What happens when you type gcc main.c
The C programming language is a compiled language, no wonder when you type gcc main.c a compilation process starts. This command tells the computer to start Compiling a C program and a lot goes behind the scene. In this article, I'm going to discuss what goes behind the hood during the C compilation process of a C program.
Lets get the bare basics. C programming language is a high-level language and it needs a compiler to convert it's code into an executable code so that the program can be run on our machine. Its like this, the machine does not understand the C codes. Humans do not understand the machine code (I can feel guru programmers murmuring - ok, fine maybe not all humans). So, to make everyone involved happy, we need to balance things up. Thats where C program compilation comes in by running the C code through the gcc compiler, which in turn generates an executable file that can be run by the computer and understandable by humans, yeah....now, all humans.
Alas! wait a sec right there. Are you for real? Is C really a high-level language? Well, if I was asked nicely, I would say C is a high level language. Considered high-level because they are closer to human languages and further from machine languages. High level: easy to understand by programmer/human(user friendly). Middle level: less easy to understand by programmer(less user friendly). Low level: very hard to understand by programmer but piece of cake for computer(computer friendly). Afterall, the compiler does the rest of the job. We(programmers) only write the codes in IDE-user-friendly kind of way, after that, gcc all the way. The middle and low level stuffs happen during compilation. But, whichever one you think it should be, you're right, right so because C does it all.
Now, back to our introduction, the GNU Compiler Collection (GCC) is a set of compilers collection for various languages such as ada, C, C++, fortran, ObjC, ObjC++, at one point java e.t.c. Be careful not to confuse GCC for abbreviation of Gulf Cooperation Council. GCC is distributed under the GNU free software license. By the way, if you are an eagle eye reader like I am, you should have noticed the G in GNU of the GCC abbreviation. GNU is a recursive acronym for "GNU is Not Unix!", chosen because GNU's design is Unix-like, but differs from Unix by being free software and containing no Unix code.
Let me put it straight; GNU is just like Unix but it is NOT, it is Linux system, Linux is the kernel component. Period! The rest of the system consists of other programs, many of which were written by or for the GNU Project.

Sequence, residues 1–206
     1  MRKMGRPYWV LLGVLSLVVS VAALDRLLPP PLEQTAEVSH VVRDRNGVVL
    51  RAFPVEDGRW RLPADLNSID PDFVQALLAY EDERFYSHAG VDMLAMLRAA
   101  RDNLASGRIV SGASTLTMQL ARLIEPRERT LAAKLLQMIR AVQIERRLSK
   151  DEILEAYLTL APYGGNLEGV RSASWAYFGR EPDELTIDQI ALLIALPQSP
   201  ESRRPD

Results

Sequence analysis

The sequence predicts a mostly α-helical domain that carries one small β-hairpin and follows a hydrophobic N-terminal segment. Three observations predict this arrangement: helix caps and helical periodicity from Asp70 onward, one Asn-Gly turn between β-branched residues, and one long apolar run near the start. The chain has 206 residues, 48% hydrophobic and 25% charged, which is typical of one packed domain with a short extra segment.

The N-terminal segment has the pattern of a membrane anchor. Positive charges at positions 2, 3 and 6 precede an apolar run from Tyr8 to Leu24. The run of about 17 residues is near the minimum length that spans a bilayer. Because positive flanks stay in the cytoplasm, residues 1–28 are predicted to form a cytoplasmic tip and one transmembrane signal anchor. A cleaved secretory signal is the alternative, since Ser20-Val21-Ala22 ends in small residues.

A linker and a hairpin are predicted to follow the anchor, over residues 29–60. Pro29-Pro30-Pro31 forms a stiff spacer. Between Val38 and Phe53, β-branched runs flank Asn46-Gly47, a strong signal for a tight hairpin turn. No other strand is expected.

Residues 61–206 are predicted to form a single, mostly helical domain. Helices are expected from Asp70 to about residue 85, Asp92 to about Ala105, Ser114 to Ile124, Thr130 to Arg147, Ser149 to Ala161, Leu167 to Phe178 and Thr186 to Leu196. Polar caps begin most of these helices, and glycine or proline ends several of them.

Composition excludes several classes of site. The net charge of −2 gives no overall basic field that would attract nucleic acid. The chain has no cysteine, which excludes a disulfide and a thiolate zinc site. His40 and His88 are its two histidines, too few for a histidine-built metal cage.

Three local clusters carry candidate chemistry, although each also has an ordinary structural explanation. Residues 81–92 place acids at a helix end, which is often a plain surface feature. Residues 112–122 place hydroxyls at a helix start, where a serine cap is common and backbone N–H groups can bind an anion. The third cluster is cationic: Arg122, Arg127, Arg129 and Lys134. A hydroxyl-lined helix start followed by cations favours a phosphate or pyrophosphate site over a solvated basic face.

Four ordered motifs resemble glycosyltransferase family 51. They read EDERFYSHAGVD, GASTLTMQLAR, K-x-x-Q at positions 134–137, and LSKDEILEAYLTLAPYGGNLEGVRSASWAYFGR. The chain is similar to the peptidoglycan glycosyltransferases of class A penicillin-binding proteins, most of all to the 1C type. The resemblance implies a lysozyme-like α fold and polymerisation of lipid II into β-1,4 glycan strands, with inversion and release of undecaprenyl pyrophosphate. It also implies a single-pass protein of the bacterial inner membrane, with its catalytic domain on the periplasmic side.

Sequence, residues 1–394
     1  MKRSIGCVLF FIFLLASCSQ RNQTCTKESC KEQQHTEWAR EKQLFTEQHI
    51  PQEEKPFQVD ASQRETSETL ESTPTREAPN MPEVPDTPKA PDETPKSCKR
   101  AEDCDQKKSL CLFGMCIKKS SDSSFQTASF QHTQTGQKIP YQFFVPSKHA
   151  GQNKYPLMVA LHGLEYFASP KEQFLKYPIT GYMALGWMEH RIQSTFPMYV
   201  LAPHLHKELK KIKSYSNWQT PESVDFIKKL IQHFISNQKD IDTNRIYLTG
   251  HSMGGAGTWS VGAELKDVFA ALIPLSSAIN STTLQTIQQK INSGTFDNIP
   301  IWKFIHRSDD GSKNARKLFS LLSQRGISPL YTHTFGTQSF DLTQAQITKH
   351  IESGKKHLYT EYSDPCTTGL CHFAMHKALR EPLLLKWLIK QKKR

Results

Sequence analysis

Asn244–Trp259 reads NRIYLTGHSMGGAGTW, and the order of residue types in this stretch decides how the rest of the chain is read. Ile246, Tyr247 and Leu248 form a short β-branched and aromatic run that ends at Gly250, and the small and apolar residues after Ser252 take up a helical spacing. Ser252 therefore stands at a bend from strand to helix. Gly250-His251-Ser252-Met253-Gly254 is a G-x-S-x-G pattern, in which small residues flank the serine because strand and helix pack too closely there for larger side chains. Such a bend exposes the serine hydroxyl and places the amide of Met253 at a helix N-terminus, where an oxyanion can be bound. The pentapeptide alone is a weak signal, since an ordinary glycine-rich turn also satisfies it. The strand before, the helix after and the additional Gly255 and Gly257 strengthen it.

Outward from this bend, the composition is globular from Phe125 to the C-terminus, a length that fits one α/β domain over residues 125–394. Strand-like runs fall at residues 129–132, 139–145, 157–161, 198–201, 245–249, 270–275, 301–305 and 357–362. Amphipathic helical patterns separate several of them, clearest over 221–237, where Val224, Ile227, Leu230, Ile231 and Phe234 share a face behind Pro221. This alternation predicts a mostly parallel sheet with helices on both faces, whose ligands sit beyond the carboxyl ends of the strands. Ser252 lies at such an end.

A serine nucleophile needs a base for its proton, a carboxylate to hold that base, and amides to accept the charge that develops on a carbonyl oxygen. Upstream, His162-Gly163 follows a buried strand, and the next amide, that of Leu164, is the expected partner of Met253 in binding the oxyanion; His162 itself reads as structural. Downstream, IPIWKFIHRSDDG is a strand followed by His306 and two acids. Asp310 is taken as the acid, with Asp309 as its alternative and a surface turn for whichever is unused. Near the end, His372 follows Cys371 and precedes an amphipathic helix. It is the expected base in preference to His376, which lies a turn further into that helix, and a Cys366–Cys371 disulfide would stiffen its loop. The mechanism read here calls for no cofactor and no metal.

Behind the Scene
Behind the scene a lot happens actually. The programmer writes C codes and runs the codes through the gcc compiler like I mentioned earlier. And......Viola! This happens.....
Confused? Think we must be in the Crude Oil Refinery?
Far from it. If anything, we must be in the stone age counting our money. So relax, fasten your seat belt and let me take you on an electric ride. Actually, when I first heard of it, I was more confused than you really are right now. But I bet you, we're not in the crude oil distillation unit, so it's not a crude oil refining process to bring some generous grub of mucus called "crude" to boiling point in order to extract petrol or diesel from its broken components; neither is it the catalytic conversion of solar to chemical energy on some plasmonic metal nanostructures. Let me explain what the diagram illustrates.
A software engineer like me had just written a C code and passed the code's source file to gcc compiler by executing the command "gcc main.c" on his computer. This action instructs the computer to use gcc compiler to compile his C codes. The process begins with the processor grabbing the C code, otherwise known as the "source file" and removes any comments, macros and expands included files (if any) into the source file. The pre-processed output is stored in the .i file, for example main.i, i.e. a filename ending with .i extension. This stage is known as "per-processing stage".
The second stage is the compiling stage, where the .i file is compiled to produce an intermediate compiled output file with .s extension, for example main.s. This file is in assembly level instructions; it contains assembly language codes. This is so because the next stage is the assembly and this is the language the assembler can understand.
In assembly stage, the assembly codes with a .s file extension is taken as input and turned into object codes with .o file extension by the assembler. For example main.o. This .o file contains machine level instructions. At this stage, only existing code is converted into machine language, the function calls like printf() are not resolved.
The last stage is called the linking stage and this is the final phase in which all the linking of the object files, libraries and function calls with their definitions are done. The linker does extra work, it pulls together all the function calls and their definitions with libraries and link them up to create an executable file. It may add extra codes where necessary. The executable file created has a .exe file extension, for example hello_world.exe and can be executed by the computer to generate human readable information.
That is all that there is to it.
Happy coding. Enjoy!